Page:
Mistrial declared for man accused of killing 2 at Rooster’s restaurant in Louisville

Mistrial declared for man accused of killing 2 at Rooster’s restaurant in Louisville
Published: Nov. 21, 2023 at 2:29 PM EST
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LOUISVILLE, Ky. (WAVE) - A mistrial was declared Tuesday within three hours in the case of a man accused of killing two people at a Louisville restaurant back in 2021 just days before Christmas.

Karson Reitz was charged with murder after police said he shot and killed 48-year-old Michael Miller and 51-year-old Bradley Cross at a Rooster’s restaurant on Preston Highway.

Reitz’s lawyers say the shooting was done in self-defense after a fight broke out between Miller, who was a former LMPD officer, and Reitz’s father, John.

According to a wrongful death lawsuit filed by Cross’s wife in 2022, John and his son Karson were at the restaurant together, when John “instigated, and was involved in a physical altercation and fight with another Roosters regular patron.”

Police said Reitz ran toward the fight with a gun in his waistband, eventually pulling it out. They said Cross stepped in after the fact, before getting shot. Attorneys for Reitz claimed he only jumped in with a gun when he feared for his father’s safety, and only pulled the trigger when he feared for his own life.

The fight broke out in front of several people, including children.

Reitz was arrested and charged with two counts of murder and four counts of wanton endangerment. He was released from jail on bond in March 2022 and placed on home incarceration.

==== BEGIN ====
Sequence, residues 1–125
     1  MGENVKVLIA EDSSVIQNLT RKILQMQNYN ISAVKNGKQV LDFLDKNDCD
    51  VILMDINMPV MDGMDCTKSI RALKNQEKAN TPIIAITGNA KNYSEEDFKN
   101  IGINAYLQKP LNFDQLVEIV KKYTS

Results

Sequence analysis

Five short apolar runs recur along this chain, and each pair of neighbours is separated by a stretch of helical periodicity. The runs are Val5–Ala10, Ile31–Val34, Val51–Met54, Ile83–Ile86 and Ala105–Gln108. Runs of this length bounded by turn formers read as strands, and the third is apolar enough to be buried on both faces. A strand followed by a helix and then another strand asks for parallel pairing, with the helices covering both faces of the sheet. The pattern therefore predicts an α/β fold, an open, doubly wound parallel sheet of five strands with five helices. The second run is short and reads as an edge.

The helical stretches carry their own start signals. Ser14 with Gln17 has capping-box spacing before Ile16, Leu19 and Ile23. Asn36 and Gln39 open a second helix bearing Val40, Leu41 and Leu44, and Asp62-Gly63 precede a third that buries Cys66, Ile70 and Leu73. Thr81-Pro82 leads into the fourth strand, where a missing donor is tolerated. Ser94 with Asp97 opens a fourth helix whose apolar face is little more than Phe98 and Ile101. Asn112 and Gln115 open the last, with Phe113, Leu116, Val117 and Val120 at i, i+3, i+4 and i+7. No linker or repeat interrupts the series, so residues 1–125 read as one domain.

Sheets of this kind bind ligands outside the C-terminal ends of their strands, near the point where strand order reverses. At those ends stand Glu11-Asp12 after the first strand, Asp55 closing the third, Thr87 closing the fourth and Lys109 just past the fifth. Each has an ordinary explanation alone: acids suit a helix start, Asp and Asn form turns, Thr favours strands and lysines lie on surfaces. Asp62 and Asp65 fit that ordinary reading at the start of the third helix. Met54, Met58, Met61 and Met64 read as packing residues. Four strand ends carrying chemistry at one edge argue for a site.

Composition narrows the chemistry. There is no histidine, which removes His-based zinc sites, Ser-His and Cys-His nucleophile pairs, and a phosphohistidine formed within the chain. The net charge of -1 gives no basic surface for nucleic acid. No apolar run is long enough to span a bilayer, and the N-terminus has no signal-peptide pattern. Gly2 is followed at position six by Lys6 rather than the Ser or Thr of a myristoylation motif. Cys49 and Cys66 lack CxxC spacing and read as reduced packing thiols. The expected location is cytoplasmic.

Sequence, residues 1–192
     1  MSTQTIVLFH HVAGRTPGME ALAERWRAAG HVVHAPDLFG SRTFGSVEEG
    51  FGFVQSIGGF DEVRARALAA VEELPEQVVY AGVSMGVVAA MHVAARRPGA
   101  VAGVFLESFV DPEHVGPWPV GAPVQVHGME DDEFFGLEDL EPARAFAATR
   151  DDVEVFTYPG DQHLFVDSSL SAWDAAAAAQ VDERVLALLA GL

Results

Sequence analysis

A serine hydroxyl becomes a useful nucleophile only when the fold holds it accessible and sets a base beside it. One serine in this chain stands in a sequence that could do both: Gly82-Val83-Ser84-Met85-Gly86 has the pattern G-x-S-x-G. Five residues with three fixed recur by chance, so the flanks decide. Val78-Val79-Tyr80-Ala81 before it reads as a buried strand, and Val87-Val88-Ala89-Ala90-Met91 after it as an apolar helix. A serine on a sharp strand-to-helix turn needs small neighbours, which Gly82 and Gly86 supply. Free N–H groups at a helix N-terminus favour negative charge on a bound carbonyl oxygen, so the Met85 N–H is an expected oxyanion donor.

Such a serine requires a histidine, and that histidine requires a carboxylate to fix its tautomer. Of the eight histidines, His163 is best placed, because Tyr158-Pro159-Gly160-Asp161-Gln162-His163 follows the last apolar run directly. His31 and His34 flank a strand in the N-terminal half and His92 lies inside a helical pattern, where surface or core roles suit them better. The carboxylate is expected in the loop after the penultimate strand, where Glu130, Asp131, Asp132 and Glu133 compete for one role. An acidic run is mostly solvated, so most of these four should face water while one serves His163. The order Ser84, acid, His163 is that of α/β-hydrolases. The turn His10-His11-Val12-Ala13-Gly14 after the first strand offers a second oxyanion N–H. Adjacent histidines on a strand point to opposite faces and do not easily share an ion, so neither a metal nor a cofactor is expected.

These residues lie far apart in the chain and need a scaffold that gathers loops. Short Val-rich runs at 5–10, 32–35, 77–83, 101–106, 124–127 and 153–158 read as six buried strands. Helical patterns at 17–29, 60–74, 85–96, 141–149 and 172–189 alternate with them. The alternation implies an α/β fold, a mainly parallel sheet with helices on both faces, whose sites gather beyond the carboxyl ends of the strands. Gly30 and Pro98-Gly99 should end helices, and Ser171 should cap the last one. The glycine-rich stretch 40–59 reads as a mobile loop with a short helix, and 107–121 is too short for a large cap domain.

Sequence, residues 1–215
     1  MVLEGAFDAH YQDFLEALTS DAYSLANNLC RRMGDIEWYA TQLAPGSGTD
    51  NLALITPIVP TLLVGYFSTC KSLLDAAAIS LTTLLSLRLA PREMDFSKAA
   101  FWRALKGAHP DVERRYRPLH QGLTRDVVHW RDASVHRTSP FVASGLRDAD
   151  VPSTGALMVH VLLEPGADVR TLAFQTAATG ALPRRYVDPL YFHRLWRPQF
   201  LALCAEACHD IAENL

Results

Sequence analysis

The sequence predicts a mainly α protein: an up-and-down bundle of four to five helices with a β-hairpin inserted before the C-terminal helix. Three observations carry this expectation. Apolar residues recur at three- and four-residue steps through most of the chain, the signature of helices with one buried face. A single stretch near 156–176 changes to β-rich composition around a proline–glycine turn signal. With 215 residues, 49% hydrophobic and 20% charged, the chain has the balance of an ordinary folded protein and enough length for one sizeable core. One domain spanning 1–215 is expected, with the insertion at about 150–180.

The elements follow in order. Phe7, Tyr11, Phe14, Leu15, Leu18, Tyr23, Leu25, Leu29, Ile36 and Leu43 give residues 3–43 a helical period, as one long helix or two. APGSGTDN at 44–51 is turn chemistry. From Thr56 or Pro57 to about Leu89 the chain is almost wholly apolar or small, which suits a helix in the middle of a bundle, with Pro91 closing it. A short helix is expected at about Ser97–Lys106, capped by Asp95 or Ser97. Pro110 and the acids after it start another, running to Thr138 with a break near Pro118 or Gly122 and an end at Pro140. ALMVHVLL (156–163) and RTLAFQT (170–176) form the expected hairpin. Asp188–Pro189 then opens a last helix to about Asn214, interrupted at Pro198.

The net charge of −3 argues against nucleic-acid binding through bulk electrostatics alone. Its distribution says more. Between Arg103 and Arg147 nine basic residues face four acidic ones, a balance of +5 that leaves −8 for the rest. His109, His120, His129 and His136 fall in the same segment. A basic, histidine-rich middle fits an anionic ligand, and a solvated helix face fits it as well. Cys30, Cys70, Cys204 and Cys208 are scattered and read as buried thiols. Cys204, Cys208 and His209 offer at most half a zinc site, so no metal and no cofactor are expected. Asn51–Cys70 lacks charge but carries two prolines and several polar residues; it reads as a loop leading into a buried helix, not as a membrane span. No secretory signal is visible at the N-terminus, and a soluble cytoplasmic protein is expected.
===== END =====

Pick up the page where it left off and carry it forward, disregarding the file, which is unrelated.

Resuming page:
The defense team argued the police made a major mistake, never searching Miller’s phone. On it, they said police would have found evidence Miller repeatedly harassed the Reitz family with threatening texts.

The defense said those started after the families suffered a falling out when Miller’s affair with a 17-year-old who was dating Karson’s brother was discovered. They told jurors Miller was violent, had been fired from LMPD and had been dishonorably discharged from the U.S. Army.

Prosecutors objected repeatedly, getting up to confer with the judge about what the defense could say.

The judge had sent the jury out of the courtroom several times and at one point angrily told the lawyers to discuss an issue with her in her chambers.

It turns out prosecutors had filed a motion before the trial to limit these types of statements. The judge had waited to see how they would come out once the trial began.

Ruling from the bench, the judge said she could not remove some of the statements from the jurors’ minds and declared the mistrial.

A new trial date has not yet been set.

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